The “Draft Implementation Period Schedule” does not show that the Courthouse renovation project will be funded within 24 months after the bond proposition passes — the implementation period that Mr. Huckelberry assured TMA officials would apply. Instead of being one of the “earliest” projects funded, the draft pushes the start of funding and project implementation back at least 6 years so that construction will not be complete until at least 9 years from the date the bond question is approved by the voters. We have relied on County assurances that the museum project would be in the first group of projects to be funded in our Board of Trustees’ discussions, financial planning, and conversations with donors, and in our public support of the bond question. We are very concerned about the revised proposal to substantially delay this project.

Significantly, the revised implementation period will cause TMA to lose critical momentum as well as the tangible opportunities that exist now with respect to establishment of the Museum of the West – with a resulting substantial adverse impact on our work related to fundraising and lining up donations of art for the new museum. As a practical matter, potential donors will not want to commit funds or commit to donate artworks to a museum that won’t open for at least nine years. “Striking while the iron is hot” is critical; we simply will not be able to sustain the interest and excitement that will be generated immediately after a “yes” vote on the bond if the project is not scheduled to come to fruition for almost a decade. If the delayed project timeline is finalized, it will generate substantial public uncertainty about whether the “Art of the West” museum project will evercome to fruition. And, if finalized, the proposed timeline will be seen as a clear signal that the Old Courthouse renovation is not a public priority — and thereby place the viability of the project in jeopardy.

The revised implementation period also generally seems inconsistent with the County’s “project prioritization factors” that are listed on page 17-18.

Even the controversial velodrome project supporters are unhappy with the funding plan. After advising Fyffe of all the money they intend on spending to sell the bond to the voters, Richard J. DeBemardis, CEO, President and Founder of the Perimeter Bicycling Association of America, writes:

Respectfully, Perimeter Bicycling & ABC-Velodrome makes only one suggested change for consideration in the “Period Schedule for Project Start and Completion Date” for the disbursement of funds for the construction of ABC-Velodrome facility: change from Period 4 to Period 2 based on the following rationale:

(a) Projected time schedule in raising the $1.5 million match to the 2015 Bond Funding of $3.5 million is expected to be completed by the end of 2016 or the latest mid-2017.

(b) The geographical area that builds a bicycle center-velodrome first will be the community to benefit the most -Pima County must have the first bicycle center in our state to be successful in all of its financial objectives.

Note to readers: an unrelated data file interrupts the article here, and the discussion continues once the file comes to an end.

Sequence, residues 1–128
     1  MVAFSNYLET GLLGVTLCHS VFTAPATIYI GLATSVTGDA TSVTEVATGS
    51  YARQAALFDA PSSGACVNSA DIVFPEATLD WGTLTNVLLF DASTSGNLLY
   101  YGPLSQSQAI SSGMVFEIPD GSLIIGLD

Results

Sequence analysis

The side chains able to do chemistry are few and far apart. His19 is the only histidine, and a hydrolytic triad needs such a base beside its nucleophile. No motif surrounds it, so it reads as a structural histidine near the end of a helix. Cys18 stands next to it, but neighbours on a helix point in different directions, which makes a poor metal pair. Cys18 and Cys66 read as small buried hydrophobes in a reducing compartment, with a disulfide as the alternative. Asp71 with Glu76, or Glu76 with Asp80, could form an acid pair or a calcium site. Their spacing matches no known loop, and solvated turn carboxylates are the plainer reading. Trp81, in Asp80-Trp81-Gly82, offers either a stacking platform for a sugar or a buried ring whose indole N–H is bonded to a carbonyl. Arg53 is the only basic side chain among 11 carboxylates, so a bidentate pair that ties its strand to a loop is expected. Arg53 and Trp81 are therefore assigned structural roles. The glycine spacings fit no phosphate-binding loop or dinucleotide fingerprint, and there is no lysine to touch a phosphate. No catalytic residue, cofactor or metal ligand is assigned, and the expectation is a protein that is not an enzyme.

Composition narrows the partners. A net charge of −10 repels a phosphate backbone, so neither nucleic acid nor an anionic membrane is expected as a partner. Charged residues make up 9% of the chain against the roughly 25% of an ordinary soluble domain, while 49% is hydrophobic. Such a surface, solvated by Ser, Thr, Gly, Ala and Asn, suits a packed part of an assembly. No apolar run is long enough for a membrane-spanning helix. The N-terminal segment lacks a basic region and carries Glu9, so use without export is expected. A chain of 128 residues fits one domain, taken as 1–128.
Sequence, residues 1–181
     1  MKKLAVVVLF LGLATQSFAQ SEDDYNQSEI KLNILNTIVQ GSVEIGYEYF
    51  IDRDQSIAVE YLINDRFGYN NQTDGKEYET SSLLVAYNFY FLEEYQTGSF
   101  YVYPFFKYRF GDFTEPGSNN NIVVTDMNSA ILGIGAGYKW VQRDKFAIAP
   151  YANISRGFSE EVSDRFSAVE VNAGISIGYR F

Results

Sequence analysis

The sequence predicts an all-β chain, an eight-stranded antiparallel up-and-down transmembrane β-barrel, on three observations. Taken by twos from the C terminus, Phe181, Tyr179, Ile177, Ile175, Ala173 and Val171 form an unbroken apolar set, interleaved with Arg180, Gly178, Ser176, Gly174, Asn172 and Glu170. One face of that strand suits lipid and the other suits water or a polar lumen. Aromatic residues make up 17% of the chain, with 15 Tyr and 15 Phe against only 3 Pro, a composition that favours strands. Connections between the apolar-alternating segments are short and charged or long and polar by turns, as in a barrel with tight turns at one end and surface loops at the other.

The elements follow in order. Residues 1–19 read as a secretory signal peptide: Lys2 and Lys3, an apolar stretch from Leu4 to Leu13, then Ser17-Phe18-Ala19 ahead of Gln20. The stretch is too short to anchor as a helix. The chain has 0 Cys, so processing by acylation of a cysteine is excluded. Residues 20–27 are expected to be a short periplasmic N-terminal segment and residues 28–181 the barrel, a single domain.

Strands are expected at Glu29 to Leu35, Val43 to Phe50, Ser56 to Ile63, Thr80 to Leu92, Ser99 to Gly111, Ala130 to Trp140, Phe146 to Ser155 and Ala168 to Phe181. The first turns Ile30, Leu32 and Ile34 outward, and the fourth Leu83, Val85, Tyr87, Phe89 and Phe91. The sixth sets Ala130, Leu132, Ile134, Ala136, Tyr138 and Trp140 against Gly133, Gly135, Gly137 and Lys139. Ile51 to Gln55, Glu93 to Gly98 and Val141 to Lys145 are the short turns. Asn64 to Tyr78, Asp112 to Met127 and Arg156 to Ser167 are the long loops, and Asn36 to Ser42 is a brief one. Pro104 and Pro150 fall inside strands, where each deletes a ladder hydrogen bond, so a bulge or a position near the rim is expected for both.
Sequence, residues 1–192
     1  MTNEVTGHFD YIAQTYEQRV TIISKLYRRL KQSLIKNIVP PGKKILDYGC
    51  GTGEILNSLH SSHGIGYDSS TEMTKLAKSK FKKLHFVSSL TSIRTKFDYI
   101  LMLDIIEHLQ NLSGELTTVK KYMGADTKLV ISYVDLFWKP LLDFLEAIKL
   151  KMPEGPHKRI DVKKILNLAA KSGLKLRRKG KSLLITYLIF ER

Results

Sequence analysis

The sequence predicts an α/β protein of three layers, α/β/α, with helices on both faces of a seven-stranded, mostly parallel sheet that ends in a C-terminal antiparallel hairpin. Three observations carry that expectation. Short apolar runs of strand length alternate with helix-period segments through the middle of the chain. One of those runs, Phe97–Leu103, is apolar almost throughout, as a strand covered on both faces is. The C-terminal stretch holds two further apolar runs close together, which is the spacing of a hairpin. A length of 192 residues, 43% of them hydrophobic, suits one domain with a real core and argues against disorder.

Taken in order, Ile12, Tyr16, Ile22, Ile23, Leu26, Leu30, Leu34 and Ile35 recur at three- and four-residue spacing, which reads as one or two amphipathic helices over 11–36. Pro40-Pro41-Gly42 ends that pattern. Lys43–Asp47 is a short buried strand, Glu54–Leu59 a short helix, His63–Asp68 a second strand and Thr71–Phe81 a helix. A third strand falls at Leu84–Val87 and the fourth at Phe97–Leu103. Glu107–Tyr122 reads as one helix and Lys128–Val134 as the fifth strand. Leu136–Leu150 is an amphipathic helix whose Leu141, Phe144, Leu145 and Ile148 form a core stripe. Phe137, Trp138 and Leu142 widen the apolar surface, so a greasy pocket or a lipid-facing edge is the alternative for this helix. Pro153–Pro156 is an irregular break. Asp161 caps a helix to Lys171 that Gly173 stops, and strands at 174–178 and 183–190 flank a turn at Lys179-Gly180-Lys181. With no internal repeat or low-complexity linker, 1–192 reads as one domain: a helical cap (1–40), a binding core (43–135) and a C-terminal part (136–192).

(c) Once the Perimeter Bicycling matching funds are secured, we are ready to break ground because we’ll complete all other Pima County requirements and construction plans and approvals before the start of 2018.

Mark Blakeman, CEO Tucson Symphony Orchestra writes:

Re: The Draft Implementation Period Schedule for Project Start and Completion Dates. This schedule poses a significant impediment to successful fundraising as well as creating a major detriment to both City and County Revenues……The current Bond Implementation Plan for the Downtown Community Theaters and Historic Cultural Landscape likely undermines the effective and best practices needed to raise the additional $13.4M.

• Given the proposed four-year delay to the proposed Design and Planning Stage, both the market study and the initial fundraising components would be delayed until year five.

• Raising $13.4M will then require several years to complete.

•Without these funds construction and completion of the project will experience significant delays.
• During the five to six-year delay both performance halls and landscape will require ongoing maintenance. These piece-meal repairs will “throw good money after bad.”

•The Tucson Community Center (TCC) will not become an economic driver until its renovation. At that time, both City and County will experience the benefits of increased tourism, robust use of facilities, and increased tax revenues resulting from significantly improved venues.

Because the use of bond monies can change with a simple majority vote of the Pima County Board of Supervisors, the organizations should not only be concerned about the delay of funding, but that the funding will flow their way by the time it is expected to.

Related articles:

Tucson Medical Center Funding “Yes on Pima County Bonds”

Pima County Bond Election – Proposition 430

Pima Bonds Campaign Funders:  Donors Or Investors?

Arizona Supreme Court Rejects Pima County Lawsuit, Huckelberry Demands Tax Increase